Images always take us somewhere. In fact, I would argue that images are the motor of the imagination. They take us to the heart of creativity, they inspire our need to articulate and make meaning from the world. Story arises from images, and meaning arises from story. This is not necessarily true of ideas.
The reason this is true is because images are essentially mysterious. There’s no simple algebra for why we remember what we remember, or why we notice what we notice. But the fact is that if I brought every single one of you on that walk with me in Kathmandu, you all would have noticed different things. You might have seen a bird without all its feathers, a rickshaw missing a wheel, a man without teeth, a too-quiet baby, a ripped sari, a girl staring at a goat’s head looking puzzled and hurt. And whatever you noticed, that was specific to you, to your psychology and the secrets that lie dormant in you. Your mind creates the lens through which you see the world, and so what you see will be different from what everyone else sees. If you follow the images, have faith in the images, if you learn to figure out which of them feel vibrant, attached to something mysterious in you, you will be able to use them later. They will lead you down a road toward your best, most imaginative, most odd and alive story.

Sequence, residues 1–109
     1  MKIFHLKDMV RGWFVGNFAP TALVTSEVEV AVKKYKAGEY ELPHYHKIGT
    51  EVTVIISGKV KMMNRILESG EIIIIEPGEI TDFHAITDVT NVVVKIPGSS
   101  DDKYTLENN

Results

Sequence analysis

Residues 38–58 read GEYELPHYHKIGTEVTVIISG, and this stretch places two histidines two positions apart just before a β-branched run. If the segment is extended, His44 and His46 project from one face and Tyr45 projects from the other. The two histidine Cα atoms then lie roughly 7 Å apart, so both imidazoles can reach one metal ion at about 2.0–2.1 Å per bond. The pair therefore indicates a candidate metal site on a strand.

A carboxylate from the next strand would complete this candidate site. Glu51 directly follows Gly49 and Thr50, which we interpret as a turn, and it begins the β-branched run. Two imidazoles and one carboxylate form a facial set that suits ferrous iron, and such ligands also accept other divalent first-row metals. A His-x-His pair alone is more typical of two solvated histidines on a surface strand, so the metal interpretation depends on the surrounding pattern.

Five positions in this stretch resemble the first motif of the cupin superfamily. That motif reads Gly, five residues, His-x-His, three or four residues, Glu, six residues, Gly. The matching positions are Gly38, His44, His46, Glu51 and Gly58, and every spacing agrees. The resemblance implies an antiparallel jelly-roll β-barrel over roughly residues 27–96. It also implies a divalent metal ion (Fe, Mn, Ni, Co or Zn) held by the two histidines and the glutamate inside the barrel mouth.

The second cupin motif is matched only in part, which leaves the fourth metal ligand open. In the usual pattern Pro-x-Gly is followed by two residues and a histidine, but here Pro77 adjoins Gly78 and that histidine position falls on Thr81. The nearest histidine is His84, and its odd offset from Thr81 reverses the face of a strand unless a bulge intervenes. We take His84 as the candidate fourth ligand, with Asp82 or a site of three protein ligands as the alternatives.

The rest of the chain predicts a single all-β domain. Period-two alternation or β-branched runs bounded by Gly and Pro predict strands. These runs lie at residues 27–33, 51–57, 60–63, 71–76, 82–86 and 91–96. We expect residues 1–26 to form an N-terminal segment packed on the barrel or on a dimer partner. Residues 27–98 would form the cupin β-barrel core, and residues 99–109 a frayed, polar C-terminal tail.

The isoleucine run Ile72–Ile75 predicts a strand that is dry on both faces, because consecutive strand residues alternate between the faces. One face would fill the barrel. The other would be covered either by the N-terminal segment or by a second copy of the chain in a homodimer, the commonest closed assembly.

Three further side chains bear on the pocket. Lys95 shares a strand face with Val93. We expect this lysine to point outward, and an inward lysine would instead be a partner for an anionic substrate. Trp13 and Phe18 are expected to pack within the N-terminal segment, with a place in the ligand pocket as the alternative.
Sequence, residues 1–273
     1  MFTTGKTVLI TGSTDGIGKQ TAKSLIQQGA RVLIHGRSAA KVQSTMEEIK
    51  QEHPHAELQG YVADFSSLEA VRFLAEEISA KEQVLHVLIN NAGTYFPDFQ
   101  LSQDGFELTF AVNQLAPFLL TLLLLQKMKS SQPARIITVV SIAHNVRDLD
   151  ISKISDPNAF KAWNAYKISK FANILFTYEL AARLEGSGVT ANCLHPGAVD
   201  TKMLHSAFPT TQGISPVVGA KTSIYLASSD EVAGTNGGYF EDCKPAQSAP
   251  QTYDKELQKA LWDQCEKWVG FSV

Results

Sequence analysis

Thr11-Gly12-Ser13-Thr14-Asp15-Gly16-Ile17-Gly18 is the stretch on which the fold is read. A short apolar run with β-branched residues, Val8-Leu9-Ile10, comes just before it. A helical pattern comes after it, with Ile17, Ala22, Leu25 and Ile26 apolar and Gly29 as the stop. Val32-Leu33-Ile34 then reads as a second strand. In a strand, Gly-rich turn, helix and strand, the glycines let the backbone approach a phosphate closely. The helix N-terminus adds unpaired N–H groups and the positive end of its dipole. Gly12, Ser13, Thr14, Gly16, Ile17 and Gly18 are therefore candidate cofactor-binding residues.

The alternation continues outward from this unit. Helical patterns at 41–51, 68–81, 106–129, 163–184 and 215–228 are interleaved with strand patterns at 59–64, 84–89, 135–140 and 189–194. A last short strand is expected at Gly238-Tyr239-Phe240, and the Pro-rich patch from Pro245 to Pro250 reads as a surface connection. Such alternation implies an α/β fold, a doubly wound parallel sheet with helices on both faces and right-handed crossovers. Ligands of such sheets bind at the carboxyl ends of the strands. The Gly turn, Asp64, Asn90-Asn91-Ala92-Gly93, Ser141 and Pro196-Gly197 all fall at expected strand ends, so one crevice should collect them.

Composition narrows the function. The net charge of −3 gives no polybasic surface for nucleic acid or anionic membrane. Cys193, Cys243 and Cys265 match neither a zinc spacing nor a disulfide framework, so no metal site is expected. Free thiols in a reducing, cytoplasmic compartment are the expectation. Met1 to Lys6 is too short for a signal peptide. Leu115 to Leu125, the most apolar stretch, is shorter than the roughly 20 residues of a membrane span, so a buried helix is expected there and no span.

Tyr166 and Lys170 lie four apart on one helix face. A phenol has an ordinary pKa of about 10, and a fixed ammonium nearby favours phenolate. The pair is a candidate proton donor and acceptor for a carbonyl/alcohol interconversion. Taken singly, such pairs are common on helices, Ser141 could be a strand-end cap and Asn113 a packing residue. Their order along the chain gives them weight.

There are two ideas at work here, let me be clear. The first is the bangle—looking at it, registering it, and letting it remind me of the goats. This is the associative power of images. The other idea is simply sight itself—noticing the goat’s head, being alert to the world and storing the visual material in my own memory, with enough detail that I could describe it when I needed it. They are both important, but first, let’s just start at the act of sight itself.
Most of us have the luxury of sight. It should, therefore, be simple to take the world in, to register it, remember it, and convey what we see. But many of us stop seeing. We’re busy. We’re in a routine. We have a half hour before work to write and we just really, really want those pages. We stop seeing and we start thinking, doing, producing. But the problem is that once we stop seeing, once we stop noticing, once we replace image with thought, we don’t have access to the tools we will need to make mysterious, convincing, dynamic work.